The physical form of the solid polyester to be hydrolyzed is not critical. Thus, fibers, films, powder, pellets, coarse particles, molded pieces, chunks, and sheets may be effectively hydrolyzed by the process of this invention. The degree of fineness of the article will influence to some degree the time of hydrolysis. With fine powder hydrolysis will be obtained in a matter of seconds whereas With coarser articles such as sheets, hydrolysis will occur in a few minutes.

The intermixing of the polyester particles and the caustic Z-methoxyethanol or Z-ethoxyethanol is in amounts of from about 10 to 20 weight percent. The mixture should then be heated to about C. to about 140 C. and preferably to about 124 C. to about C. Upon completion of the hydrolysis, from about 1X to 10X water is added to dissolve the alkali metal terephthalate and to obtain a clear liquid hydrolysate'which can then be subjected to analysis as will be described hereinafter. It is not necessary but it is preferred to add 1X to 10X water after hydrolysis when an aqueous solution of the alkali metal hydroxide is used to give a good solution for gas chromatographic analysis or titration to measure the terephthalyl content. In the event that the aqueous solution of the hydroxide is used, the hydrolysis will require additional time, usually on the order of about thirty minutes.

The polyesters which may be hydrolyzed by the process of this invention include polyesters of reactants (A) at least one difunctional dicarboxylic acid and (B) at least one difunctional glycol. Suitable acids for preparing these Examples of these esters include dimethyl-l,4-cyclohexanedicarboxylate; dimethyl-2,'6-naphthalenedicarboxylate; dimethyl-4,4'-sulfonyldibenzoate; dimethyl isophthalate; dimethyl terephthalate; and diphenyl terephthalate. Copolyesters may be prepared from two or more of the above dicarboxylic acids or esters thereof.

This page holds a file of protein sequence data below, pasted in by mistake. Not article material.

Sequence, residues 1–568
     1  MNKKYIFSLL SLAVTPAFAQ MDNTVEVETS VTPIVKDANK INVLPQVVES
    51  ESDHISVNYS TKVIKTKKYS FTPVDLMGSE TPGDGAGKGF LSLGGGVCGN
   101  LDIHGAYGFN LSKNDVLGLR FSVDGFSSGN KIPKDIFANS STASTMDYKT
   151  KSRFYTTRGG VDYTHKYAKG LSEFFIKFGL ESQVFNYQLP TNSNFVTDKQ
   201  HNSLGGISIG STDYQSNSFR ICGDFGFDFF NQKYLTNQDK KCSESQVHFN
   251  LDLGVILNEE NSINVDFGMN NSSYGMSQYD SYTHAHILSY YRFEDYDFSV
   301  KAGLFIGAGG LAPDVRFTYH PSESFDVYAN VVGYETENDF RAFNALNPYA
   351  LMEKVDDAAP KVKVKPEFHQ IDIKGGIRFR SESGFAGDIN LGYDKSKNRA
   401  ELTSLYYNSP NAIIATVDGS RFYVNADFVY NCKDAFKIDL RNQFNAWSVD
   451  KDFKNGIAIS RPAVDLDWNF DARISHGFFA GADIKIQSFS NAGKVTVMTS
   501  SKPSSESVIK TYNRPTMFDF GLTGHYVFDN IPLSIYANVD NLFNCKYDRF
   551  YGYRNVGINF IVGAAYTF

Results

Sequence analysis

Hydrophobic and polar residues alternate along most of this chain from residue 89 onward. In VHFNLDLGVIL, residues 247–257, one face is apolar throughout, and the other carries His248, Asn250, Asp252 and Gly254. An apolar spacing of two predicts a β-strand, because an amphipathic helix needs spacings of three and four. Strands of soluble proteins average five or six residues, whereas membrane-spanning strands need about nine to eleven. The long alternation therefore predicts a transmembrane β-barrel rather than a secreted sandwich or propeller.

Suitable glycols for preparing these polyesters are aliphatic, alicyclic, and aromatic glycols. Examples of such glycols include ethylene glycol; propylene glycol; diethylene glycol; 1,2-propylene glycol; 2,4-dimethyl-2-ethylhexane-1,3-diol; 2,2,4-trimethyl-1,3-pentanediol; 2,2-dimethyl- 1,3-prpanediol; 2 ethyl-2-butyl-1,3-propanediol; 2,2-diethyl-1,3-propanediol; 2-methyl-2-propyl-1,3-propanediol; 2-ethyl-2-isobutyl 1,3 propanediol; 1,3-butanediol; 1,4- butanediol; 1,5-pentanediol; 1,6-hexanediol; 2,2,4-trimethyl-1,6-hexanediol; 1,2 cyclohexanedimethanol; 1,3- cyclohexanedimethanol; 1,4-cyclohexanedimethanol; 2,2, 4,4-tetramethyl-1,S-cyclobutanediol; o-, m-, and p-xylylene diols; 4,4'-sulfonyldiphenol; 4,4-oxydiphenol; 4,4'-isopropylidenediphenol; and 2,5-naphthalenediol. Copolyesters may be prepared from two or more of the above diols.

Especially preferred polyesters are poly(ethylene terephthalate) and poly(1,4-cyclohexylenedimethylene terephthalate) The hydrolysate of the polyester articles is subjected to conventional analysis to indicate the ester and glycol content. In the preferred embodiment poly(ethylene terephthalate) articles are hydrolyzed in order that the terephthalate, ethylene glycol and diethylene glycol contents can be determined. To determine terephthalate content the excess alkali metal hydroxide in the hydrolysate is back titrated using standard hydrochloric acid to the end point of phenolphthalein. To determine the glycol content, a portion of the titrated liquid is subjected to gas chromatographic analysis. In the columns used for this analysis, the 2-methoxyethanol or Z-ethoxyethanol is separated first then ethylene glycol and then diethylene glycol.

The following examples will further illustrate the process of this invention.

EXAMPLE 1 2.000 grams of poly(ethylene terephthalate) powder (80 mesh or finer) was heated in a 250 ml. flask on a hotplate with 2.00 grams of potassium hydroxide pellets (about 35% KOH) and 20.0 ml. of Z-methoxyethanol. The mixture became a semi-solid mass in one minute. 25.0 ml. of water was added and the whole reaction mixture dissolved. Back titration of the excess potassium hydroxide using standard hydrochloric acid to the end point of phenolphthalein showed a terephthalyl value of 68.2% for the polyester powder.